The decline was significant, but did not approach the levels feared
by Detroit Emergency Manager Kevyn Orr. In August, he warned that
the city could be out of cash at year end if Detroit were unable to
gain unfettered access to casino tax revenue, which is pledged to
banks for payments on interest rate swap agreements that the city is
trying to terminate at a steep discount.
U.S. Bankruptcy Judge Steven Rhodes, who is overseeing Detroit's
bankruptcy case, last week rejected a deal for the city to end the
swaps at a 43 percent discounted payment to two investment banks.
Rhodes urged Detroit to renegotiate with its swaps counterparties,
UBS AG and Merrill Lynch Capital Services.
Detroit's cash on hand beat the city's forecast of ending the
quarter with just $40.7 million, largely due to higher-than-expected
property tax collections, the report showed.
Orr's spokesman warned that the city's cash position remains
vulnerable to a sudden decline.
"If the city loses the right to keep its casino revenues, which is a
very serious question right now in court with regard to the swaps
and (pension debt), then that $87.5 million could diminish rapidly,"
said Bill Nowling, the spokesman.
Detroit in 2005 and 2006 sold $1.45 billion of pension debt to
improve its unfunded public pension liability. The swaps were used
to hedge interest rate risk on some of the debt.
Orr took the cash-strapped city into federal bankruptcy court in
July to deal with more than $18 billion in debt and liabilities and
thousands of creditors.
The latest quarterly report was dated January 15, one day before
Rhodes' ruling on the swaps deal. In the report, Orr said he
believed "approval of the swap settlement would be an important step
in the city's restructuring."
The report uses the same positive language to describe a $285
million loan through Barclays PLC that Orr had negotiated, with $165
million earmarked to pay off the swap counterparty banks and $120
million to improve city services. Rhodes also rejected the loan for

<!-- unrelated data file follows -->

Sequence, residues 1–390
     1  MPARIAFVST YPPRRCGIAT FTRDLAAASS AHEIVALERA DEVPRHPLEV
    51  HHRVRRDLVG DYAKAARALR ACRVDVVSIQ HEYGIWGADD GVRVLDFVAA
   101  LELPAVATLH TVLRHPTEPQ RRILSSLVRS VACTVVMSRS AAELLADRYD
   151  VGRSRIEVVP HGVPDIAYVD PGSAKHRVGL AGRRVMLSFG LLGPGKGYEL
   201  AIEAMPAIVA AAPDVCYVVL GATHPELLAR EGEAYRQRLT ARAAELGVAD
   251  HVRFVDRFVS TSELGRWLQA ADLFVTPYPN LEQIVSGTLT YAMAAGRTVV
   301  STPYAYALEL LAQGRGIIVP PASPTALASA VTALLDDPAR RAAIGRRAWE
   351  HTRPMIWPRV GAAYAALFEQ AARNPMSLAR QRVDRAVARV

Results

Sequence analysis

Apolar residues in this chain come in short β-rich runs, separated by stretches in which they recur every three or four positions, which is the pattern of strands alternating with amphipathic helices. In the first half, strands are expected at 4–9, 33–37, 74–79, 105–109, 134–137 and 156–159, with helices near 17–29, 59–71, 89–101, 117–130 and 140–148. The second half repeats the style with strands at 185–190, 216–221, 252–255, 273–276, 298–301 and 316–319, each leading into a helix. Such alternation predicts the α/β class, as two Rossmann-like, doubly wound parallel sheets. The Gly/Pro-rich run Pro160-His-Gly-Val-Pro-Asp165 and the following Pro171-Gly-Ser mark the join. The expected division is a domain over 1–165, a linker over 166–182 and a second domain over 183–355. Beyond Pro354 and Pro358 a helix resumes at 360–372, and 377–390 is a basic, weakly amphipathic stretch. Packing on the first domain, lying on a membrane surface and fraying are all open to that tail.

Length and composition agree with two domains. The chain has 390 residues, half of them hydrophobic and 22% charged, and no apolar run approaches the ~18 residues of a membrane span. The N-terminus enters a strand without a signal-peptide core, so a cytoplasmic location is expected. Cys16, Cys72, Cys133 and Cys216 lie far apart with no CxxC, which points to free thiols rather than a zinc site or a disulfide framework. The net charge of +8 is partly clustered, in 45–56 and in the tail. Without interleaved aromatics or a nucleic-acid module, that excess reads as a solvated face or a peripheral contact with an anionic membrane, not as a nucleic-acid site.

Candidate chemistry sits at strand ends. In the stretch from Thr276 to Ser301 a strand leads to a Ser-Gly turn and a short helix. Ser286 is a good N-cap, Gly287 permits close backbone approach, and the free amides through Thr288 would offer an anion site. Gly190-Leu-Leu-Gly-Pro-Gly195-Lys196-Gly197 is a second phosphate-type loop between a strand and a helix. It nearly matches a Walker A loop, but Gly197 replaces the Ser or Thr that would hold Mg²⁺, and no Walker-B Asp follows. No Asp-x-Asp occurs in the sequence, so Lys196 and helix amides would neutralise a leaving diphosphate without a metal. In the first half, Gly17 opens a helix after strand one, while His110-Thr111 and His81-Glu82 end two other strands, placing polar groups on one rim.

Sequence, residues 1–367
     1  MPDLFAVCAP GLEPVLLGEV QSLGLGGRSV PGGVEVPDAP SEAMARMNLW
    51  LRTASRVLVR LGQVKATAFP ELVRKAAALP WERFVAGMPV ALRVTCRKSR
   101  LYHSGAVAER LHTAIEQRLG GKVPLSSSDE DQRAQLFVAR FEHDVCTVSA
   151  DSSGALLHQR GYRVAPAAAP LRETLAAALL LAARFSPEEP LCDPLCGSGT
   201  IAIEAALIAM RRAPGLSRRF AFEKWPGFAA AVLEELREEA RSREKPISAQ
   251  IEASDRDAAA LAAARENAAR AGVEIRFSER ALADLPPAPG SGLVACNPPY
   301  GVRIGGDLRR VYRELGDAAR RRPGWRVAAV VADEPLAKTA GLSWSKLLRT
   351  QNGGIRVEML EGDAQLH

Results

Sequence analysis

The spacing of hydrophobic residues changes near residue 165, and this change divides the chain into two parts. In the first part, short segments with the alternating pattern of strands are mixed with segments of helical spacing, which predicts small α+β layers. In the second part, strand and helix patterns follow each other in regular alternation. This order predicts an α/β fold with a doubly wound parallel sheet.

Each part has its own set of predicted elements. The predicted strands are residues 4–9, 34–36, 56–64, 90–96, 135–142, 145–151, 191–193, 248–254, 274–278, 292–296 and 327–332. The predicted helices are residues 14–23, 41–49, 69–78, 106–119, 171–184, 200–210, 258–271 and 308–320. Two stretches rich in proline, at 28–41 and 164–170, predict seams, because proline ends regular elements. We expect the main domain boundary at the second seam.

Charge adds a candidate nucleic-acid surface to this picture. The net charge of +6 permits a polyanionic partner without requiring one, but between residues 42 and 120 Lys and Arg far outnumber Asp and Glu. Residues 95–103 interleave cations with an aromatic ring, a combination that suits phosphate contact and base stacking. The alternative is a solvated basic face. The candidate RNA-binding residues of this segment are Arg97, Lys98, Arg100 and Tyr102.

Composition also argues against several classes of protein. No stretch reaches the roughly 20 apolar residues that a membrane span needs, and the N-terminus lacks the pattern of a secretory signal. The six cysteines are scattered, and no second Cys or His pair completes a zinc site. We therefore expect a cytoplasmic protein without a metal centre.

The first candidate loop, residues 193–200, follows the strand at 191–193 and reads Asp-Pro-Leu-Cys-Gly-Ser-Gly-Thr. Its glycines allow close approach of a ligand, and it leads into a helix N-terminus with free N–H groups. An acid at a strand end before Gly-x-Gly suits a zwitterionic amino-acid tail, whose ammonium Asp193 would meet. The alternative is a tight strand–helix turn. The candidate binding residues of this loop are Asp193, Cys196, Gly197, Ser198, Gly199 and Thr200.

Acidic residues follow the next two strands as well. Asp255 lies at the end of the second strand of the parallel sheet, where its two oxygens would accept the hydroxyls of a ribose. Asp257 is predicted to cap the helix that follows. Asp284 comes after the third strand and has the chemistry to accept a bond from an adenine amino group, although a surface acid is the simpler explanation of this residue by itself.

the swaps payment.
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Access to casino revenue, which totals as much as $180 million a
year, has emerged as a key element of Orr's bankruptcy strategy. Orr
also planned to use casino revenue to help secure the Barclays'
"If we don't do anything such as secure this casino revenue, if we
don't go to the capital markets and borrow additional funds, which
appears unlikely which the city has done every other year since 2008
to make up the difference, yes, the projections show that by
December of this year, we will run out of cash," Orr said in an
August 30 sworn deposition in the case.
Year-to-date revenue was down $6 million from the same period in
fiscal 2013 and operating expenses dropped by nearly $52 million,
the report showed. Costs were lower due largely to reduction of the
city workforce by 776 positions since the end of December 2012.
Detroit's fiscal year began July 1.
Detroit has kept making payments on secured debt, although the city
defaulted on $9.37 million in payments on October 1 for certain
general obligation bonds Orr deemed unsecured. Detroit paid $8.5
million toward the swap agreements in the quarter that ended
December 31, according to the report.
In the report sent to Michigan officials, Orr also stated he plans
to file a proposed plan of adjustment for the city before the March
1 deadline set by the court.
(Reporting By Karen Pierog; editing by
David Greising and David Gregorio)
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